Six generations after a French orphan named Martin Fugate settled on the banks of
eastern Kentucky's Troublesome Creek with his redheaded American bride, his great-great-great
great grandson was born in a modern hospital not far from where the creek still runs. The boy
inherited his father's lankiness and his mother's slightly nasal way of speaking. What he got from
Martin Fugate was dark blue skin. "It was almost purple," his father recalls.
Doctors were so astonished by the color of Benjy Stacy's skin that they raced him by
ambulance from the maternity ward in the hospital near Hazard to a medical clinic in Lexington.
Two days of tests produced no explanation for skin the color of a bruised plum. A transfusion was
being prepared when Benjy's grandmother spoke up. "Have you ever heard of the blue Fugates
of Troublesome Creek?" she asked the doctors. "My grandmother Luna on my dad's side was a
blue Fugate. It was real bad in her," Alva Stacy, the boy's father, explained. "The doctors finally
came to the conclusion that Benjy's color was due to blood inherited from generations back."
Benjy lost his blue tint within a few weeks, and now he is about as normal looking a
seven-year-old boy as you could hope to find. His lips and fingernails still turn a shade of purpleblue when he gets cold or angry a quirk that so intrigued medical students after Benjy's birth that
they would crowd around the baby and try to make him cry. "Benjy was a pretty big item in the
hospital," his mother says with a grin.
Dark blue lips and fingernails are the only traces of Martin Fugate's legacy left in the boy; that,
and the recessive gene that has shaded many of the Fugates and their kin blue for the past 162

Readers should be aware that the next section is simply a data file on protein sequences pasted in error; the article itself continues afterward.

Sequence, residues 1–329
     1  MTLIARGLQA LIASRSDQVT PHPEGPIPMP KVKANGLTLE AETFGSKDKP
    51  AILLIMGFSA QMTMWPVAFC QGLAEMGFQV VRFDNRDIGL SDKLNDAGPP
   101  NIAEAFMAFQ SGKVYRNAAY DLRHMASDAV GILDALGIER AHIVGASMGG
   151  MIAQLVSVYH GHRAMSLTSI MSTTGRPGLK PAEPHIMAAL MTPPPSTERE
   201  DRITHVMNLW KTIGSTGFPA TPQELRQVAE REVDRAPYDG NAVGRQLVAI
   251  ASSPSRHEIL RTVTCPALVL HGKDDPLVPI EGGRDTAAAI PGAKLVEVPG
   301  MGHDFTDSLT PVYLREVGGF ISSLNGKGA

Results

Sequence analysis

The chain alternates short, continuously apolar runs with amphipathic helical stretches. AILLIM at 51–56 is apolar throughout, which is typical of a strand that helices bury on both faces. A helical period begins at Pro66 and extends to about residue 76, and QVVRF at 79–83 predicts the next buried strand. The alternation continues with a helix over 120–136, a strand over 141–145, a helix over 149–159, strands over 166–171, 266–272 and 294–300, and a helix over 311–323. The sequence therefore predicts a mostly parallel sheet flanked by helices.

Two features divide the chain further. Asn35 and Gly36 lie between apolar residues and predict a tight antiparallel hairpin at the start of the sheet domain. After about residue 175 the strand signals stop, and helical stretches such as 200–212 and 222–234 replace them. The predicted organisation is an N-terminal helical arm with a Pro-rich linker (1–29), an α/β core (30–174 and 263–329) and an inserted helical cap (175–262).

Given below is a pedigree of some of the blue people of Troublesome Creek
(A) The blue trait is inherited as an autosomal recessive trait which means that affected
individuals have _____________ copies of a mutant gene.
(B) Indicate which individuals are carriers of the “blue” gene by placing the letters Bb next to
their symbol.
(C) What is the relationship of the parents of the “blue” children?
(D) What is the probability that the unaffected siblings of the “blue” children are carriers for
the “blue” trait?
(E) What warning does marrying close relatives does this illustrate?
Mendelian Genetics Unit
Part V - Huntington’s Disease
Huntington disease (HD) is an inherited brain disorder affecting the nervous system. It
causes progressive deterioration of physical and mental capabilities, leading ultimately to severe
incapacitation and eventual death, generally 15-25 years after onset. Primarily, it affects adults,
usually appearing between the ages of 30 and 45. Occasionally, HD symptoms appear earlier
(before age 20, the juvenile form) or later (after age 50.) Common symptoms of adult-onset HD
are involuntary movements, abnormal gait, slurred speech, difficulty with swallowing, cognitive
impairment and personality changes. IT IS A DOMINANT TRAIT.
Francis knows that her mother has Huntington disease. She deduces that at lease on of
her maternal grandparents was a sufferer.
(A) Is her reasoning correct?
(B) She also deduces that at least one of her great-grandparents was a sufferer. Is she
(C) Francis draws the family tree found below. Many of the circles and squares are left
white because the genotype cannot be determined. Is it possible for Francis not to
develop the disease?
Mendelian Genetics Unit